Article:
@Wither

Since

@Wither was introduced as experimental feature in lombok v0.11.4.

Experimental

Experimental because:

  • Still not sure that @Wither is an appropriate name for this feature.
  • Should there be an option to supply a way of cloning the input somehow?
  • Should the way that the clone is created by configurable?
  • Should we replace @Wither entirely with a builder class?
Current status: neutral - More feedback requires on the items in the above list before promotion to the main package is warranted.

Overview

The next best alternative to a setter for an immutable property is to construct a clone of the object, but with a new value for this one field. A method to generate this clone is precisely what @Wither generates: a withFieldName(newValue) method which produces a clone except for the new value for the associated field.

For example, if you create public class Point { private final int x, y; }, setters make no sense because the fields are final. @Wither can generate a withX(int newXValue) method for you which will return a new point with the supplied value for x and the same value for y.

Like @Setter, you can specify an access level in case you want the generated wither to be something other than public:
@Wither(level = AccessLevel.PROTECTED). Also like @Setter, you can also put a @Wither annotation on a type, which means a 'wither' is generated for each field (even non-final fields).

To put annotations on the generated method, you can use onMethod=@__({@AnnotationsHere}); to put annotations on the only parameter of a generated wither method, you can use onParam=@__({@AnnotationsHere}). Be careful though! This is an experimental feature. For more details see the documentation on the onX feature.

NEW in lombok v1.12.0: javadoc on the field will now be copied to generated withers. Normally, all text is copied, and @param is moved to the wither, whilst @return lines are stripped from the wither's javadoc. Moved means: Deleted from the field's javadoc. It is also possible to define unique text for the wither's javadoc. To do that, you create a 'section' named WITHER. A section is a line in your javadoc containing 2 or more dashes, then the text 'WITHER', followed by 2 or more dashes, and nothing else on the line. If you use sections, @return and @param stripping / copying for that section is no longer done (move the @param line into the section).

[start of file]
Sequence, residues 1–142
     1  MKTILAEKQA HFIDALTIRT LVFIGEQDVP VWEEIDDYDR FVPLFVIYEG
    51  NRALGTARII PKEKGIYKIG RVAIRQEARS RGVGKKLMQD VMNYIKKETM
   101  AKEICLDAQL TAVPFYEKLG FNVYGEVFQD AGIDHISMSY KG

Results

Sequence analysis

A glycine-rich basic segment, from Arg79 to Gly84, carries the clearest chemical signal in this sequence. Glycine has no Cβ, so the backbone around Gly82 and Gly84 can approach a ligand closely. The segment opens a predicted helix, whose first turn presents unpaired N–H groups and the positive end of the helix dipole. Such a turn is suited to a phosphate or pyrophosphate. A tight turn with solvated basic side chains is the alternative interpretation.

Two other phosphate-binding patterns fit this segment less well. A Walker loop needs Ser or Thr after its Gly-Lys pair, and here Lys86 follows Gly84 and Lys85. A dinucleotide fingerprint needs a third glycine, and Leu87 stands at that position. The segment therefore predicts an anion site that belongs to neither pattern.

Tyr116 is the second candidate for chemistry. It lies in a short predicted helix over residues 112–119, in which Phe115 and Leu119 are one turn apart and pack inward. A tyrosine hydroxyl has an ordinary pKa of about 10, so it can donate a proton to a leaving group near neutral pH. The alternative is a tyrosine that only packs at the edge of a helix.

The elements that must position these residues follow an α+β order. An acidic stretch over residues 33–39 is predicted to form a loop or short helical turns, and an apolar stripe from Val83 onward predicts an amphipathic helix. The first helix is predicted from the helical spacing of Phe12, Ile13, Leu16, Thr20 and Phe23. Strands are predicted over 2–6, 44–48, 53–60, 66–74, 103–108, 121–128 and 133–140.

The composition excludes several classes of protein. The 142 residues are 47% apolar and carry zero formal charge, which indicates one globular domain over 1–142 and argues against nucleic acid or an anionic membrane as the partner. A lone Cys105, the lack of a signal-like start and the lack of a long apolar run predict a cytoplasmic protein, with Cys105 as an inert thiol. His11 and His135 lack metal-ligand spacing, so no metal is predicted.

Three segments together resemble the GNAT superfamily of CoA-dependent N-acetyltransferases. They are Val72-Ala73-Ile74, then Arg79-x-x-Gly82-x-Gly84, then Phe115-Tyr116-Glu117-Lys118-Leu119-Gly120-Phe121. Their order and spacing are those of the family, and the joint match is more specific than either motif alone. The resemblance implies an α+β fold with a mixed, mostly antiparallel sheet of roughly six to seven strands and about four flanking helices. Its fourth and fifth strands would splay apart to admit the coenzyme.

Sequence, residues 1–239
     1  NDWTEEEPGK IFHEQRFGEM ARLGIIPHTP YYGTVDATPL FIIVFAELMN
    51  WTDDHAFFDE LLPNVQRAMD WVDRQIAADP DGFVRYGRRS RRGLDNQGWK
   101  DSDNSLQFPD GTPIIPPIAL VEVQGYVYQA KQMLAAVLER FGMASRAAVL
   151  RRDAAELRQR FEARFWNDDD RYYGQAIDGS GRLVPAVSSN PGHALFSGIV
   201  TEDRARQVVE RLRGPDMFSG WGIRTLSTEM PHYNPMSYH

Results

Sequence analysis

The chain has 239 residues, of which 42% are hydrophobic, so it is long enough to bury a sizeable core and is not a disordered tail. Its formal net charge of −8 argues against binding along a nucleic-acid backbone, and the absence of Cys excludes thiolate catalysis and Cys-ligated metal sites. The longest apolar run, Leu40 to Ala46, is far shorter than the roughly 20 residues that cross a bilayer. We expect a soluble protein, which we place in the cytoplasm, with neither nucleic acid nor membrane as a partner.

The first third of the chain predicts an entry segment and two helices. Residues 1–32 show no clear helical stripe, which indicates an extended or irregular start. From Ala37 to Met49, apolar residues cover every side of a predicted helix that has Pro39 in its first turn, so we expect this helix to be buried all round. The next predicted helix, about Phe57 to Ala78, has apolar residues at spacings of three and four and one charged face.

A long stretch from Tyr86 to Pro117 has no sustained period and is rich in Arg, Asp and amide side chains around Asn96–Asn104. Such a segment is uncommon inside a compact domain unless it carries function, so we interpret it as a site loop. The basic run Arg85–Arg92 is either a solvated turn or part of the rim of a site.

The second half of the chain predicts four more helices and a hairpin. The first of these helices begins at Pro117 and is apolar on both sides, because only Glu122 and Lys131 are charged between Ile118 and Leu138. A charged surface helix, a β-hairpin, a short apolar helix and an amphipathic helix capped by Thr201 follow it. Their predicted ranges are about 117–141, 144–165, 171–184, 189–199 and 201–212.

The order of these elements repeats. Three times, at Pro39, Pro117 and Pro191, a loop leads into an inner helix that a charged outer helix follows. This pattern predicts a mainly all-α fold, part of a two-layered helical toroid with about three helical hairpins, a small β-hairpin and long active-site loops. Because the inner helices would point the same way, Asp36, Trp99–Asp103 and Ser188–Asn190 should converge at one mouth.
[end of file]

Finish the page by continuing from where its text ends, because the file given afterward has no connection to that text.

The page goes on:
With Lombok

01 import lombok.AccessLevel;
02 import lombok.NonNull;
03 import lombok.experimental.Wither;
04 
05 public class WitherExample {
06   @Wither private final int age;
07   @Wither(AccessLevel.PROTECTED@NonNull private final String name;
08   
09   public WitherExample(String name, int age) {
10     if (name == nullthrow new NullPointerException();
11     this.name = name;
12     this.age = age;
13   }
14 }

Vanilla Java

01 import lombok.NonNull;
02 
03 public class WitherExample {
04   private final int age;
05   private @NonNull final String name;
06   
07   public WitherExample(String name, int age) {
08     if (name == nullthrow new NullPointerException();
09     this.name = name;
10     this.age = age;
11   }
12   
13   public WitherExample withAge(int age) {
14     return this.age == age ? this new WitherExample(age, name);
15   }
16   
17   protected WitherExample withName(@NonNull String name) {
18     if (name == nullthrow new java.lang.NullPointerException("name");
19     return this.name == name ? this new WitherExample(age, name);
20   }
21 }

Supported configuration keys:

lombok.wither.flagUsage = [warning | error] (default: not set)
Lombok will flag any usage of @Wither as a warning or error if configured.

Small print

Withers cannot be generated for static fields because that makes no sense.

Withers can be generated for abstract classes, but this generates an abstract method with the appropriate signature.

When applying @Wither to a type, static fields and fields whose name start with a $ are skipped.

For generating the method names, the first character of the field, if it is a lowercase character, is title-cased, otherwise, it is left unmodified. Then, with is prefixed.

No method is generated if any method already exists with the same name (case insensitive) and same parameter count. For example, withX(int x) will not be generated if there's already a method withX(String... x) even though it is technically possible to make the method. This caveat exists to prevent confusion. If the generation of a method is skipped for this reason, a warning is emitted instead. Varargs count as 0 to N parameters.

For boolean fields that start with is immediately followed by a title-case letter, nothing is prefixed to generate the wither name.

Any annotations named @NonNull (case insensitive) on the field are interpreted as: This field must not ever hold null. Therefore, these annotations result in an explicit null check in the generated wither. Also, these annotations (as well as any annotation named @Nullable or @CheckForNull) are copied to wither parameter.